But lofty souls, who look beyond the tomb,
Can smile at Fate, and wonder how they mourn.
Shall spring to these sad scenes no more return?
Is yonder wave the sun's eternal bed?—
Soon shall the orient with new lustre burn,
And spring shall soon her vital influence shed,
Again attune the grove, again adorn the mead.

"Shall I be left abandon'd in the dust,
When Fate, relenting, lets the flower revive,
Shall Nature's voice, to man alone unjust,
Bid him, though doom'd to perish, hope to live?
Is it for this fair Virtue oft must strive
With disappointment, penury, and pain ?—
No: Heaven's immortal spring shall yet arrive
And man's majestic beauty bloom again,

Bright through th' eternal year of Love's triumphant reign."

This truth sublime his simple sire had taught,
In sooth, 't was almost all the shepherd knew,

No subtle nor superfluous lore he sought,
Nor ever wish'd his Edwin to pursue :-

"Let man's own sphere" (quoth he) "confiné his view;
Be man's peculiar work his sole delight."
And much, and oft, he warn'd him to eschew
Falsehood and guile, and aye maintain the right,
By pleasure unseduc'd, unaw'd by lawless might.

"And from the prayer of Want, and plaint of Woe,
O never, never turn away thine ear;
Forlorn in this bleak wilderness below,

Ah! what were man, should Heaven refuse to hear!
To others do (the law is not severe)

What to thyself thou wishest to be done :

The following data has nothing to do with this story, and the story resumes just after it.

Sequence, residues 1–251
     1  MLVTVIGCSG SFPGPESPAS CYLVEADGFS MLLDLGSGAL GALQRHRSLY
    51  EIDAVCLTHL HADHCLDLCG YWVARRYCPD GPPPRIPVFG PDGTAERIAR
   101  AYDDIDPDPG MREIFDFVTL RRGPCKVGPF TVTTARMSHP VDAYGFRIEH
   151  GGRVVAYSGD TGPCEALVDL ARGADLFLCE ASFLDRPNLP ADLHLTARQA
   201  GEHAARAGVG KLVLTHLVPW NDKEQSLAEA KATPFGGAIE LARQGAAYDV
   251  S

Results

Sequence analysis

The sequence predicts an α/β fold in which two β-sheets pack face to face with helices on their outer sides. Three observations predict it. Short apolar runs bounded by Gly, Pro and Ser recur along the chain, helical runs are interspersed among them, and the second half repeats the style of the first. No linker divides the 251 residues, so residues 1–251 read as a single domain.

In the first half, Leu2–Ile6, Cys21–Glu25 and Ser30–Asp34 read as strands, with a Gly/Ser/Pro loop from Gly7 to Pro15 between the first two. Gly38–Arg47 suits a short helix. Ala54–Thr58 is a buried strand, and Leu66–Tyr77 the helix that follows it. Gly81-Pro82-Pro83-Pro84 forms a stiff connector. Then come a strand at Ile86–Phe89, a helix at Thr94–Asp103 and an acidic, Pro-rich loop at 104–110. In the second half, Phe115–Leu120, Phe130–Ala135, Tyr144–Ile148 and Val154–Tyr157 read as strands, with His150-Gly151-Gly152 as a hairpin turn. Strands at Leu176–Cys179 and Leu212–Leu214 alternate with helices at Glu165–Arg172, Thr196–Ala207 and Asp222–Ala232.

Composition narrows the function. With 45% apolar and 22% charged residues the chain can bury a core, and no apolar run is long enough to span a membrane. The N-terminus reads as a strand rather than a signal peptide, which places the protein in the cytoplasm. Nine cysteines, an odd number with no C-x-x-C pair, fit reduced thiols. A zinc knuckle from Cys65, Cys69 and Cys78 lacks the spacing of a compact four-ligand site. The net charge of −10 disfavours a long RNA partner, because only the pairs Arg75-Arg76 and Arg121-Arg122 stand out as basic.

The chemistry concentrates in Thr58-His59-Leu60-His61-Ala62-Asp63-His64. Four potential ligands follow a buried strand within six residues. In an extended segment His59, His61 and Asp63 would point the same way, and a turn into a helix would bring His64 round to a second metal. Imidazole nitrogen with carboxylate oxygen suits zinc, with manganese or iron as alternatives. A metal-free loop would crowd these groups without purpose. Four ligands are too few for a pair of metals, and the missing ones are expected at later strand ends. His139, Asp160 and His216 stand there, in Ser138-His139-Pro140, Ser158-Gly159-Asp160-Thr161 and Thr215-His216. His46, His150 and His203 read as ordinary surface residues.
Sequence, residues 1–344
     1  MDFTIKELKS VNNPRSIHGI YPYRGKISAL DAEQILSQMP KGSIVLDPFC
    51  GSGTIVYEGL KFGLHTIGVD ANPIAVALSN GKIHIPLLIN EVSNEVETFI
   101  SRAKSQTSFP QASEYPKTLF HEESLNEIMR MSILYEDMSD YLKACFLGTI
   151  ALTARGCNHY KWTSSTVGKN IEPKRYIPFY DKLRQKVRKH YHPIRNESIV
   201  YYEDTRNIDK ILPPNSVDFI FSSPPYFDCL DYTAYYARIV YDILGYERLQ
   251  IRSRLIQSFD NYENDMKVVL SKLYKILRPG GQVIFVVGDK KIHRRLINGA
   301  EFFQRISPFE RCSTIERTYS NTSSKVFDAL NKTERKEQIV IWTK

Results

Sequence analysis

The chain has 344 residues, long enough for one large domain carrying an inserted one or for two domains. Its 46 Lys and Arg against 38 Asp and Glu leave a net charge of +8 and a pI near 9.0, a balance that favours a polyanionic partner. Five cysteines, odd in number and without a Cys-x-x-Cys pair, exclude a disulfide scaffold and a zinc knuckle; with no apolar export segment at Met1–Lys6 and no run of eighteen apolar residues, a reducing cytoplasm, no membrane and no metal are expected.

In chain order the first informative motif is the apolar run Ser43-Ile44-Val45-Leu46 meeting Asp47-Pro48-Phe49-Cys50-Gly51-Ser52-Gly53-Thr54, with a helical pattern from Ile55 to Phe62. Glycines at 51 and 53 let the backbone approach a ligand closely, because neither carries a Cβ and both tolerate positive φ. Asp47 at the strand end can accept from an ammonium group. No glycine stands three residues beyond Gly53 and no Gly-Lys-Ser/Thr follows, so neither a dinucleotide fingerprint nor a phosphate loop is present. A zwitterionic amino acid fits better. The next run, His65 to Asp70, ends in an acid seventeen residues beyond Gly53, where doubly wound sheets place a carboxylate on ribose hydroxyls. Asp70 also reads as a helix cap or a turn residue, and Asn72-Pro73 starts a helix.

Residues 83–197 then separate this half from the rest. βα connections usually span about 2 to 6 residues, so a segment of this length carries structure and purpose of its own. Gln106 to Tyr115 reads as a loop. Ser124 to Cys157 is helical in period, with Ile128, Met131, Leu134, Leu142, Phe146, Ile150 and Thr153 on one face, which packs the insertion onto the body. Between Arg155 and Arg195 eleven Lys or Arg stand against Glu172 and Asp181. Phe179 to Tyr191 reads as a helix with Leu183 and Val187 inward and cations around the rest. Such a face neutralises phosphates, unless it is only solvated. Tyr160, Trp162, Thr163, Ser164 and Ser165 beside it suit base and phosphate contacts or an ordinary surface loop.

Forgive thy foes; and love thy parents dear,

And friends, and native land; nor those alone;

All human weal and woe learn thou to make thine own."


BUT who the melodies of morn can tell?
The wild-brook babbling down the mountain side.
The lowing herd; the sheepfold's simple bell;
The pipe of early shepherd dim descried
In the lone valley; echoing far and wide
The clamorous horn along the cliffs above;
The hollow murmur of the ocean-tide;
The hum of bees, and linnet's lay of love,
And the full choir that wakes the universal grove.

The cottage-curs at early pilgrim bark;

Crown'd with her pail the tripping milkmaid sings; The whistling ploughman stalks afield; and, hark! Down the rough slope the ponderous wagon rings; Thro' rustling corn the hare astonish'd springs; Slow tolls the village-clock the drowsy hour; The partridge bursts away on whirring wings; Deep mourns the turtle in sequester'd bower, And shrill lark carols clear from her aërial tour.


WHEN the long-sounding curfew from afar
Loaded with loud lament the lonely gale,
Young Edwin, lighted by the evening star,
Lingering and listening wander'd down the vale.
There would he dream of graves, and corses pale;
And ghosts, that to the charnel dungeon throng,



Till silenced by the owl's terrific song,

Or blast that shrieks by fits the shuddering aisles along.

Or when the setting moon, in crimson died,
Hung o'er the dark and melancholy deep,
To haunted stream, remote from man he hied,
Where Fays of yore their revels wont to keep;
And there let Fancy roam at large, till sleep
A vision brought to his entranced sight.

And first, a wildly-murmuring wind 'gan creep
Shrill to his ringing ear; then tapers bright,
With instantaneous gleam, illumed the vault of Night.

Anon in view a portal's blazon'd arch
Arose; the trumpet bids the valves unfold;